Summer Work: The Thief of Sanity
Whoever came up with the cliche, “High school will be the best four years of your life” either lived in a cave during those significant four years of life, or simply did not experience Honors courses. Everyone who’s academically inclined in high school can attest to the fact that what with all the studying, note-taking, and homework, a social life is nearly impossible. Stress builds even in the summertime, when generally useless summer projects are assigned in Honors courses, leaving the motivated students with something to ponderaˆ”shouldn’t they be rewarded for their hard work during the school year with a much-needed break? During the school year, we, as dedicated students, have difficulty adhering to college requirements, and attempting to balance sports, clubs, and schoolwork leads to incredible amounts of stress. Recently, Wilmington High School conducted a study to find out the summertime study habits of its Honors and AP students. When questioned on how long it took the students to finish their summer assignments, the majority responded with, “More than 15 hours.
” The maximum amount of time that summer assignments aim to consume is ten hoursaˆ”the school has clearly exceeded its limit! While doing this schoolwork, students are also working ten to forty hours a week, participating in community service, and spending more than ten hours in extracurricular activitiesaˆ”all of which are done in order to appeal to colleges. I personally know students who have had emotional breakdowns due to the stress that excessive amounts of schoolwork bring. This is unhealthy, and the lack of a social life also contributes to an unhealthy psyche. I highly doubt all of this schoolwork is crucial to a student’s academic success. In fact, the same survey results gathered by Wilmington High School stated that 63.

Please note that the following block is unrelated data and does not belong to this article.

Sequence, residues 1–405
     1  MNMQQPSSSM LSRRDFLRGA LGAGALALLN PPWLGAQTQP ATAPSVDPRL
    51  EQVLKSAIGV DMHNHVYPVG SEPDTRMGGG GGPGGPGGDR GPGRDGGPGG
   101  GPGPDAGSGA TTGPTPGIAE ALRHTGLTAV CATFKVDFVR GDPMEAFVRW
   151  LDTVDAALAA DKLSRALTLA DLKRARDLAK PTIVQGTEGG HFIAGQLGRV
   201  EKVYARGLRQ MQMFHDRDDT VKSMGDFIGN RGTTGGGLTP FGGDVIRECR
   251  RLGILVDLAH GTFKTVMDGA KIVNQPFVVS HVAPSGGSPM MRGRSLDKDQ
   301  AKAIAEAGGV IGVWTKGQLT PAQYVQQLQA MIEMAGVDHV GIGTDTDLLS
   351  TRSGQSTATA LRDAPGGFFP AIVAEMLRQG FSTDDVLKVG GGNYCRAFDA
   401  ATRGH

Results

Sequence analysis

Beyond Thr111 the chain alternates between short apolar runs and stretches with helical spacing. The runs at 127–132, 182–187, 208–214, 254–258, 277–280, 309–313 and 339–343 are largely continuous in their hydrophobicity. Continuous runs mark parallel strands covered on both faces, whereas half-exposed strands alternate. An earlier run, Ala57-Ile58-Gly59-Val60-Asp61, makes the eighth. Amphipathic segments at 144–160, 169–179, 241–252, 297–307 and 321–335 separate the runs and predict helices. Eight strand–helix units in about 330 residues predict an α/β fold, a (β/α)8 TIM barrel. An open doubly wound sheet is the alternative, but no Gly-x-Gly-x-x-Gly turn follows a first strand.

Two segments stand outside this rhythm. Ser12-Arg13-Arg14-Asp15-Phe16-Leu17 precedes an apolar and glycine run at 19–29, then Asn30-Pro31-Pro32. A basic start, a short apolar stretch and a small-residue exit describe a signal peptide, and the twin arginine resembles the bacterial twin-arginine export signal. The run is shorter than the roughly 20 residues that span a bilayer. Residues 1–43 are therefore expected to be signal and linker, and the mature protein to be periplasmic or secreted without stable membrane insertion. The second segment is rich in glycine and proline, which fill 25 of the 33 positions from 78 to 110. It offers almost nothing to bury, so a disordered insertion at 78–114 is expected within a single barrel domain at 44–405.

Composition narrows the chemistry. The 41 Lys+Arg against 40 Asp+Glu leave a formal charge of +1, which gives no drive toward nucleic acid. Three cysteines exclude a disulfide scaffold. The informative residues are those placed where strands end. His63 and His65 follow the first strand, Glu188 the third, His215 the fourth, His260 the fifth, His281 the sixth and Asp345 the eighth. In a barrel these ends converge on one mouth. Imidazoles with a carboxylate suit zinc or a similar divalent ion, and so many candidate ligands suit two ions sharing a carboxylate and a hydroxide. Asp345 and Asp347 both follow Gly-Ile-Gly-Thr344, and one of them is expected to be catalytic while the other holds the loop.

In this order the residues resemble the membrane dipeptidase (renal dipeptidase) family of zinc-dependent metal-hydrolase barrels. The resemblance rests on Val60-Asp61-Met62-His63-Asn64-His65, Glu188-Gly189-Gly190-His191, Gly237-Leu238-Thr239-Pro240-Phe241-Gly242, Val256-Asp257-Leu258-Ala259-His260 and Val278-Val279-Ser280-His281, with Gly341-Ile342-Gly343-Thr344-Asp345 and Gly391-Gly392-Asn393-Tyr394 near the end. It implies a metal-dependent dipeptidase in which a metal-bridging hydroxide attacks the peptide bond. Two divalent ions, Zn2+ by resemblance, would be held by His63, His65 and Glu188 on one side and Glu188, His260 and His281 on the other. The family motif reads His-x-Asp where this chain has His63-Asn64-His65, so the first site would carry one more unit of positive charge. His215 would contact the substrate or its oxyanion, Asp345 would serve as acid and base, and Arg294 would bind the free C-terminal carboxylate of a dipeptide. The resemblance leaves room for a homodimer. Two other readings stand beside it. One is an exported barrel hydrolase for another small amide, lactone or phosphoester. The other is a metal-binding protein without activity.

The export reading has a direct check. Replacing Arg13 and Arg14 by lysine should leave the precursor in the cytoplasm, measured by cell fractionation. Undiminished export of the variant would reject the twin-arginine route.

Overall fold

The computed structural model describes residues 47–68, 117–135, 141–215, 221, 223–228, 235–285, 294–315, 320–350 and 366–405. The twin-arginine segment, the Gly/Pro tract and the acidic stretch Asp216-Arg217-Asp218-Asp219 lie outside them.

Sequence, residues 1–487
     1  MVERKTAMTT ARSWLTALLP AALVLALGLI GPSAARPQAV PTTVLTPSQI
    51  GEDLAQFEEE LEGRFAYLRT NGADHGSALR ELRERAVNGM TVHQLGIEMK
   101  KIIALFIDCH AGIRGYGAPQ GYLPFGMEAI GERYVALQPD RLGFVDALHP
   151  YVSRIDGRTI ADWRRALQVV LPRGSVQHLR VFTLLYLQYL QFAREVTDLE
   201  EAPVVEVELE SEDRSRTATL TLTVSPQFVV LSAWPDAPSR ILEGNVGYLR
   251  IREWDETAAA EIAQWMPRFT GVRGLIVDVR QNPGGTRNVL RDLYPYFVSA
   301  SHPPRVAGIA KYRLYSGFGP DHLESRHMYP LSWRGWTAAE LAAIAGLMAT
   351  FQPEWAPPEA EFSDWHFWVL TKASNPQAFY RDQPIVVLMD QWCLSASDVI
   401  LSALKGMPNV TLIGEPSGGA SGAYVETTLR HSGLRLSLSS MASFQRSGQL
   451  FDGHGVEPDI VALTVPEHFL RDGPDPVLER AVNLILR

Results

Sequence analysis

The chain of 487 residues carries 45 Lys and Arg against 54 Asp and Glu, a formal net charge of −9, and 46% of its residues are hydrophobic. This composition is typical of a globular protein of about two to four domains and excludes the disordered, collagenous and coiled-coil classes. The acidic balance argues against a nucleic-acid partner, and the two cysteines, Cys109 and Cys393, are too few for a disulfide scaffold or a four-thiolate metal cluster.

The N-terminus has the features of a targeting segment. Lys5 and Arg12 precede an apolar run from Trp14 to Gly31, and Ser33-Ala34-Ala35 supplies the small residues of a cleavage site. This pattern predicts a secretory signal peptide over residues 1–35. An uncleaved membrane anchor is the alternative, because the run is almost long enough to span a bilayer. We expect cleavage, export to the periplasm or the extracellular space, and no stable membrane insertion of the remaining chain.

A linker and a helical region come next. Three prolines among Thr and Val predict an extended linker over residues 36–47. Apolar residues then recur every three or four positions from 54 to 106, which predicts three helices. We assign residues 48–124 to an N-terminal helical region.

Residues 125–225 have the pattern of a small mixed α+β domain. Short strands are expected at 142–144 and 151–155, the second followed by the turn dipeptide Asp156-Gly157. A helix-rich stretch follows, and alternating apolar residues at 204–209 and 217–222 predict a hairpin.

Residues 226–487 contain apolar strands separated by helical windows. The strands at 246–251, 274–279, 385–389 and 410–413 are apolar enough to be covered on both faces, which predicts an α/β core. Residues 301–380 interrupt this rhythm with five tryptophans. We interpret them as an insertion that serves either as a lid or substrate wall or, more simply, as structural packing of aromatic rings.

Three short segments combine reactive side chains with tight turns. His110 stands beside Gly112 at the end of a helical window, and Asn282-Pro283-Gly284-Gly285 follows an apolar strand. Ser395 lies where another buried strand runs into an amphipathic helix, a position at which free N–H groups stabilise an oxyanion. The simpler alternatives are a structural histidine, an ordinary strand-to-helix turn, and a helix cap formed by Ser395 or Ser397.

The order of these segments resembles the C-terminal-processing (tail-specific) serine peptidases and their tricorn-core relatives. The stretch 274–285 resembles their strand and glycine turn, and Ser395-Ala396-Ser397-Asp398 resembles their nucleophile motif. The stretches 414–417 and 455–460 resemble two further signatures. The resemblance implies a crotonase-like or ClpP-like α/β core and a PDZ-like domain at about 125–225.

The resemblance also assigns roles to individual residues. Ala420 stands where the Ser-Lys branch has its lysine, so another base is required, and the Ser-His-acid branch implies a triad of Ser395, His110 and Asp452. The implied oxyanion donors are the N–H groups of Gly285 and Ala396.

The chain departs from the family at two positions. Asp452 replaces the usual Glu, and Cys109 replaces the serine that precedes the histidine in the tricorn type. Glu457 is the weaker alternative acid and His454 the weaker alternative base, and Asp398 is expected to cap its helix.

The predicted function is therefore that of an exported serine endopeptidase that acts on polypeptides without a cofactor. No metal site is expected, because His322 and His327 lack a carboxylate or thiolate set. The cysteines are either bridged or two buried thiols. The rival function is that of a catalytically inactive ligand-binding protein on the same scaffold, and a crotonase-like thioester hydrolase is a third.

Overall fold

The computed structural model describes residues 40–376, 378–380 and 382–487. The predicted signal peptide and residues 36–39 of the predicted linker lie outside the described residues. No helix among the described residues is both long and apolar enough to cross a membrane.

6% of students found summer work unhelpful in their regular studies. There is a simple solution to this problem of excessive schoolwork. It’s true that the subject of abolishing summer work has been brought to the table many times, but has anyone really considered the benefits of it? While I hold that AP students should have summer work, due to the nature of college credit, Honors students should be excluded from the summer toils they already endure during the school year. High school is extremely taxing, and summer vacation should be a time of relaxation and rejuvenation, without having to worry about the next summer project. Is this worry and stress the reward high schoolers get for being capable and pursuing a better position in life? While some may argue that summer work keeps students’ minds on task during the break, Honors students should be intelligent enough to retain information over a period of two months.
Summer vacation should be about rewinding from the demanding school year and having fun. The whole concept of summer work lends itself to mounting stress, and constantly being trapped in the cycle of homework. Schoolwork is not the only thing that leads to college scholarships, and therefore should be abolished for Honors students in lieu of some well-deserved rest. Educators should bear in mind that there are other important things on the list to get to a good college, like community service, sports, clubs, and most importantly, your sanity.